WFP Continues Supporting School Meals in Kenya

New kitchens and improved hygiene

Martin Karimi
Nov 12, 2019 · 4 min read

After almost forty years, the World Food Programme formally handed over the financing and day-to-day management of school meals to the Government of Kenya last year. A moment to be proud of as it is one of the largest locally-procured and fully government-financed school feeding programmes on the African continent.

A sustainable school feeding programme that incorporates nutritious and diet diverse meals linked to smallholder farmer production is a key strategy for the achievement of the Zero Hunger Challenge and the SDGs.

But WFP did not simply walk away from this crucial safety net. It remains an-ever-present partner giving technical support whenever needed. For instance, WFP has supported training on monitoring and evaluation as well as on food safety and quality, introduced new menus made up of locally available foods, and trained chefs on safe food handling and preparation skills.

In addition to this, WFP has continued to support the development of a critical hardware component of the school meals — the school kitchen — thanks to the support of Mc Govern Dole.

Ramshackle kitchens pose a serious hygiene risk to children. Photos: WFP Kenya
With financing from Mc Govern Dole, WFP has built model kitchens in several counties. Photo: WFP Kenya

Over the last three years, WFP has constructed 16 model kitchens in schools across nine counties, the last of which are nearing completion in Wajir county, north eastern Kenya.

The model kitchens feature a store large enough to safely hold food stocks to last a full school term, a cooking platform, a serving area, a water storage tank, a firewood area, a dish washing area, and a hand washing station for safe and better hygiene.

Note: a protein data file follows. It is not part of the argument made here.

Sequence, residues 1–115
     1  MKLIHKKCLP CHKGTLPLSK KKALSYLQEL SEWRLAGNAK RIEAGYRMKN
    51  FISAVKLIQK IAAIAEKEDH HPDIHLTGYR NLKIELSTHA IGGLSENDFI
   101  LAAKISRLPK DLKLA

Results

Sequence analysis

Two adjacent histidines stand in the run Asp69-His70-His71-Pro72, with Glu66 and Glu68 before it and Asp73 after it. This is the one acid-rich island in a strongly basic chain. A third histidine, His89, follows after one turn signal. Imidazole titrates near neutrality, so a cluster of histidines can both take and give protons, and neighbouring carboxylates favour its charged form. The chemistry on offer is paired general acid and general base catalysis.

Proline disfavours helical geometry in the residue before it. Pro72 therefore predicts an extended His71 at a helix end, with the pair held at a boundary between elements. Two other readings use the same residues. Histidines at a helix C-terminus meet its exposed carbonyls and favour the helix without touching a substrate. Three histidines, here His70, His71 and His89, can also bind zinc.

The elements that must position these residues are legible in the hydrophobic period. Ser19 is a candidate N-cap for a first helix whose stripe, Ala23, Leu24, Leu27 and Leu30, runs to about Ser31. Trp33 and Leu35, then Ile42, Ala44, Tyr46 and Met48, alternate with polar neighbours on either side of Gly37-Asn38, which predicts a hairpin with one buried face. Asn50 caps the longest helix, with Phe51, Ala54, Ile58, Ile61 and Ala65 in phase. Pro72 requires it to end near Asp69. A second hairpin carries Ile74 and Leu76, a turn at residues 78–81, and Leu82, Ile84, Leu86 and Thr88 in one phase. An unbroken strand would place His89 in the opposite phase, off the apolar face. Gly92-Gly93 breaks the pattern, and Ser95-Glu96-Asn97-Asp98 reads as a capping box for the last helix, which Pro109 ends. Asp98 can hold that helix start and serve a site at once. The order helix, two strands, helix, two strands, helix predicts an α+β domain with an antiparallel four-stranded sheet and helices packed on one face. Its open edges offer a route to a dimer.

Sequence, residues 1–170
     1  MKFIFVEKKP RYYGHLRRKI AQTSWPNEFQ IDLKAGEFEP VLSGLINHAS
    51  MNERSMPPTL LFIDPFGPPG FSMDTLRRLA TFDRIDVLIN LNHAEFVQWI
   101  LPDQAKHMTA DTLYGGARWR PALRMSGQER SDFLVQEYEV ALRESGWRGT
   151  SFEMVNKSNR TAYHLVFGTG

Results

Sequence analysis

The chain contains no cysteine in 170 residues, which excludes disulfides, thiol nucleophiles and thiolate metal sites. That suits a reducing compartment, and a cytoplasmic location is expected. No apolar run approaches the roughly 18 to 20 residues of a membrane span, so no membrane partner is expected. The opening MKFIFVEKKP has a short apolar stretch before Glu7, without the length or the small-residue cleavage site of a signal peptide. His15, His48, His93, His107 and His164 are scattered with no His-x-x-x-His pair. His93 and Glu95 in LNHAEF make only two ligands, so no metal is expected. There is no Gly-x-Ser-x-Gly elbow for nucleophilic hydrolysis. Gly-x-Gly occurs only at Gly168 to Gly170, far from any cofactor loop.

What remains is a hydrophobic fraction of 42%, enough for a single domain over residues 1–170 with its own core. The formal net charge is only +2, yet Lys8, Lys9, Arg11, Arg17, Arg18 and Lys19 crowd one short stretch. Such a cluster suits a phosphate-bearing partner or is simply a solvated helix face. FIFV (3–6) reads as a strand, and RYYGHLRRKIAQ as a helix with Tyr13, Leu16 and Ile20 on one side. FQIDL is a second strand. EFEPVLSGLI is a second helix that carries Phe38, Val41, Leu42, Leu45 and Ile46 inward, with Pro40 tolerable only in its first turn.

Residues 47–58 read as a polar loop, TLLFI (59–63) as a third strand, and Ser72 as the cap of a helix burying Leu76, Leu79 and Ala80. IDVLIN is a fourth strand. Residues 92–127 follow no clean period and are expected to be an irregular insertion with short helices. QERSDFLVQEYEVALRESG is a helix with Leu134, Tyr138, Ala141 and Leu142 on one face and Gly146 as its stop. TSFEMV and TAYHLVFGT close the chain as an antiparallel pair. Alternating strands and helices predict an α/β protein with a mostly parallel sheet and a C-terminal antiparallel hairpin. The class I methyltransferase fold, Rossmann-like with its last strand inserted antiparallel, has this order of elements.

The kitchens are designed in such a way that the air flows freely therefore maintaining cool temperatures at all times. The engineers have also taken advantage of the roofing structure to fit water harvesting gutters.

Kids washing their plates after a meal. The water is then directed to the garden to water the vegetables. Photo: WFP Kenya

In most cases, the waste water from the hand washing stations is directed into kitchen gardens. With this water, schools can grow their own vegetables to ensure children get additional nutrients. Fresh vegetables are rare or costly in most arid areas of northern Kenya.

With every kitchen, WFP fits energy saving cooking stoves that cook faster, use little water, and less firewood. The school chefs do not suffer the harmful effects of smoke since this is directed out of the kitchen through a chimney. In addition, the energy saving stoves contribute to environmental conservation. Parents, who are tasked with providing firewood for the school meals, spend lesser time collecting firewood.

Energy saving stoves are not only better for the environment but also for the cooks themselves. Photos: WFP Kenya

WFP is urging the Government to adopt the model kitchen designs for other schools especially those with extremely poor infrastructure — which poses health risks to school children.

These model kitchens coupled with the training on food safety and quality, will go a long way to ensuring that children enjoy healthy, safe and nutritious school meals.

… and above all, get a good education for a better future.

World Food Programme Insight

Insight by The World Food Programme

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